Darin & Brooke Aldridge- Inner Journey review

Darin and Brooke Aldridge Inner Journey Rounder

On their seventh studio release, and first for the venerable Rounder Records label, bluegrass music’s reigning power-duo present another collection of stellar modern bluegrass, avoiding pitfalls of select contemporaries.

With Rhonda Vincent having largely abandoned recording bluegrass during the last decade, and Dale Ann Bradley no longer receiving her just accolades, Brooke Aldridge has emerged as a leading contender whenever vocal awards are considered. Now a three-time (and reigning) IBMA Female Vocalist of the Year, Aldridge has matured into a formidable, distinctive force via recording and touring. Darin Aldridge, formerly of the Country Gentlemen, has long been highly regarded for both harmony singing and guitar and mandolin instrumental mastery. Together, they have topped the bluegrass charts, filling their albums with well-considered covers, new songs, and—occasionally—original material.

Inner Journey is marked by consistent yet individually distinct performances, a mix of pleasing tempos and approaches with no two songs unconsciously flowing together. Top-tier bluegrass, this is.

The duo’s harmony precision is readily noticed within “Sweet Companion,” a Jon Randall, Jessi Alexander, and Sally Barris co-write from several years ago. Similarly, Nanci Griffith’s (and Rick West’s) “Trouble in the Fields” is exquisitely presented—the second time the duo have covered Griffith—with Brooke more than holding her own on a song well-engrained, with Darin adding depth to the telling. Billy Gee (bass) and Rob Ickes (Dobro) contribute to this one.

Gripping is their interpretation of Crosby, Stills, Nash, & Young’s timeless “Teach Your Children”—featuring Darin prominently—a song infused with Ron Block’s banjo and especially the fiddles of Carley Arrowood (from their traveling band) and Aubrey Haynie, whose name continues to be misspelled on liner notes well into his third decade of professional performance. Darin also takes a co-lead position on the more dreary “When You Love Someone.”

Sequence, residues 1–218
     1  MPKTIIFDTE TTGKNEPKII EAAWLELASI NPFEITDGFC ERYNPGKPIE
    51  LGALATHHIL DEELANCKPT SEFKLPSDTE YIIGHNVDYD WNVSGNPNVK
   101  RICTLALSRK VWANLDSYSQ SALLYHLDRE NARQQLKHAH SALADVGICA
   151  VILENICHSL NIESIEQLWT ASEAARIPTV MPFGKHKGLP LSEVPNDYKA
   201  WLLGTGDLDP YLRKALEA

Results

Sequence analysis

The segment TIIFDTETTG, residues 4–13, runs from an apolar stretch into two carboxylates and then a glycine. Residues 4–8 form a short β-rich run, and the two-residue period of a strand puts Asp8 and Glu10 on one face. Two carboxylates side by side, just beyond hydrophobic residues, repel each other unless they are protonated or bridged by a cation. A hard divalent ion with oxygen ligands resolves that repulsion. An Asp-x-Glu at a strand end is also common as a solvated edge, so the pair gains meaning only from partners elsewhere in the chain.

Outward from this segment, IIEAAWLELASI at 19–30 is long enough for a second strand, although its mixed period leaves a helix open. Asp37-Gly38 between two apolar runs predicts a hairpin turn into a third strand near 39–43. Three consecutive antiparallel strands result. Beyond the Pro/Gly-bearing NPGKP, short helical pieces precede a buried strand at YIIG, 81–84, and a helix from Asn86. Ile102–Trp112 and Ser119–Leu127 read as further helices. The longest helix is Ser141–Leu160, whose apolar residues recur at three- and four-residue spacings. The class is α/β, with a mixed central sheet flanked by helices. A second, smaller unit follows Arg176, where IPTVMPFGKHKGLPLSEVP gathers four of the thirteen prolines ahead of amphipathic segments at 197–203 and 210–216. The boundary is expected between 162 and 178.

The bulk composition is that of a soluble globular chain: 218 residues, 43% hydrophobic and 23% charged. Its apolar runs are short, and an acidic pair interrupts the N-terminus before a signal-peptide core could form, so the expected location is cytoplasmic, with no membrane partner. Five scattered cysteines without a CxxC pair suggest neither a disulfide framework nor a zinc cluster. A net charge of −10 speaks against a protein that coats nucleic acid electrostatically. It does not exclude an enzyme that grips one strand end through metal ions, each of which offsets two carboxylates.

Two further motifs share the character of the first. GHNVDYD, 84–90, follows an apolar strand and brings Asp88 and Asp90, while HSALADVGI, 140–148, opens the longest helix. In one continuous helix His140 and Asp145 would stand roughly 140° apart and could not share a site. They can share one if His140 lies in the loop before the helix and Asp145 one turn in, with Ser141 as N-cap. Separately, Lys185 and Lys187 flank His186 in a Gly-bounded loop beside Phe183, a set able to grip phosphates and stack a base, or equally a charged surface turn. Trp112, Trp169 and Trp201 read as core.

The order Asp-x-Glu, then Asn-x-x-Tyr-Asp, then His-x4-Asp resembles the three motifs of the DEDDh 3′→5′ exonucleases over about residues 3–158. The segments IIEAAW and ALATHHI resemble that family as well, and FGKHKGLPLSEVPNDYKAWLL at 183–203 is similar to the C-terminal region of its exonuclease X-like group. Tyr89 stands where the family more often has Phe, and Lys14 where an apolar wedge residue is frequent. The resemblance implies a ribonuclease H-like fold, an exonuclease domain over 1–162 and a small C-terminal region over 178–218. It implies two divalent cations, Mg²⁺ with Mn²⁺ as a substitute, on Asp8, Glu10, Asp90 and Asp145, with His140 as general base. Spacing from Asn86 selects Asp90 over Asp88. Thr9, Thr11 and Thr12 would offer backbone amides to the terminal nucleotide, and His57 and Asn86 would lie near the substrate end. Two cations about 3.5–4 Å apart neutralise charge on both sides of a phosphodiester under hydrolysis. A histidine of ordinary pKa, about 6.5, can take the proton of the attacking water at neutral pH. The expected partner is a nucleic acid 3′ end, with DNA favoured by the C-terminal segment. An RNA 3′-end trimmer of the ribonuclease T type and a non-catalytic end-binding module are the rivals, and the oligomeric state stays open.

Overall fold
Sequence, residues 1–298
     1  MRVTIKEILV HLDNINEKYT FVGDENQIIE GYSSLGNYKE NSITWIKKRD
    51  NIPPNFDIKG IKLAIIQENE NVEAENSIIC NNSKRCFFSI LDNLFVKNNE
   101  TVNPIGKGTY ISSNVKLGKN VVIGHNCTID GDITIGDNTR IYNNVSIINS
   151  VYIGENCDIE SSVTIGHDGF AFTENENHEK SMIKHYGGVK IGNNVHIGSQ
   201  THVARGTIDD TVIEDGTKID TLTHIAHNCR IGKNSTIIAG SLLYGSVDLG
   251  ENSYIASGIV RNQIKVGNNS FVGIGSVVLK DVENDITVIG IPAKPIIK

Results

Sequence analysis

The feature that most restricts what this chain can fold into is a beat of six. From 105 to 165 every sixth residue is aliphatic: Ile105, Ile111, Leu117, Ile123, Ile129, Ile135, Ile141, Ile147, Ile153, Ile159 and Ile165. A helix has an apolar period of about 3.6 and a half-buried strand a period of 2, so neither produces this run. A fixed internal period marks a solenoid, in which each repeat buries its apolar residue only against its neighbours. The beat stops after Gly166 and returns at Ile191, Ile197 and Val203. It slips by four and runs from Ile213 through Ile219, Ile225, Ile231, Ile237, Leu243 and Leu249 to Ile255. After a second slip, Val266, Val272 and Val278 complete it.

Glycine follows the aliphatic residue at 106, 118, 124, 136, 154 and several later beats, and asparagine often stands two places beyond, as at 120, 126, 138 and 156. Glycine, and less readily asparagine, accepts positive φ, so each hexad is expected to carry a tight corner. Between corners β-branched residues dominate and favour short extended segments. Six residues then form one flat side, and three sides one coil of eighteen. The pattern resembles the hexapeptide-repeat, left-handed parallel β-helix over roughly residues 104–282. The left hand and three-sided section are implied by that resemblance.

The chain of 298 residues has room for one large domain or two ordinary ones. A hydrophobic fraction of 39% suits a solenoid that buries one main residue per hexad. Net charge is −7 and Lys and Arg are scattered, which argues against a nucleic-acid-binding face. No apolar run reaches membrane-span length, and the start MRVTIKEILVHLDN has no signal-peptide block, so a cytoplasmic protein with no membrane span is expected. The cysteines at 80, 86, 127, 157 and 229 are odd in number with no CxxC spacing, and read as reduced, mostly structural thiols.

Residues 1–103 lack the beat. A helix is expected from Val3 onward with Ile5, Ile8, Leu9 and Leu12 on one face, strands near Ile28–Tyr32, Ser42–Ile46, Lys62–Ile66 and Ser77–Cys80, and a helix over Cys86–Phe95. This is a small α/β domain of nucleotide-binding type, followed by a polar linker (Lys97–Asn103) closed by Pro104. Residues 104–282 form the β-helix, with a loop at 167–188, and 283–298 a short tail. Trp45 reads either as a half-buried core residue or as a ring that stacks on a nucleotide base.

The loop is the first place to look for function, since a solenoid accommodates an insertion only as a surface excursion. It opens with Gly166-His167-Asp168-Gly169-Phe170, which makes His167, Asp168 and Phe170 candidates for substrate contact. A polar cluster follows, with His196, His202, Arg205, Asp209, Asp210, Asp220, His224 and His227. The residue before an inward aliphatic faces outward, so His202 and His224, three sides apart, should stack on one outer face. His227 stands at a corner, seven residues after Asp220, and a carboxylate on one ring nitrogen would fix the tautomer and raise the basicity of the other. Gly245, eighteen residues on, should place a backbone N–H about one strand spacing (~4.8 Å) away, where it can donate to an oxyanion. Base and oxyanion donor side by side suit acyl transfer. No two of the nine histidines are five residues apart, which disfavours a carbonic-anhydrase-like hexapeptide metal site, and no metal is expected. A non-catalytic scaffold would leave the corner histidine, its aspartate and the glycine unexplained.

Familiar songs from the Louvins (“Every Time You Leave,”) Kasey Chambers (another artist previously covered, “This Flower,”) and Richard Thompson (“Tear-Stained Letter”) contribute to the home-hewn feeling of Inner Journey, the capper being the epic coda, “Your Lone (Long) Journey” from the Watson family tradition.

The album’s most endearing song may prove to be “Emmylou,” a captivating ‘grassified version of a number from Sweden’s First Aid Kit—“l’ll be your Emmylou, and I’ll be your June, if you’ll be my Gram and my Johnny, too.” Recognizing the joy of singing with a loved one, “Emmylou” is well-suited to the Aldridges.

Gretchen Peters’ songbook (“End Of A Long Hard Day”) and Earl Scruggs’ Family and Friends album (“I Found Love”) are also mined. Brooke’s “Someone’s Everything” is the sole original piece, perhaps the first time one of her songs has been recorded. Featuring the album core of Aldridge times two, Arrowood, Block, Haynie, and co-producer Mark Fain (bass) and Tommy White (Dobro,) this sweet number is a keeper. Matt Menefee (banjo) and Zeb Snyder (guitar) appear selectively, while Jimmy Fortune adds his characteristic country voice to the Louvin Brothers’ number.

This is bluegrass performed to its highest level, rock-solid historical reverence sparked with modern innovation. A cracker to add to the collection, me thinks.

Here are First Aid Kit singing “Emmylou” to…Emmylou Harris: pretty remarkable.

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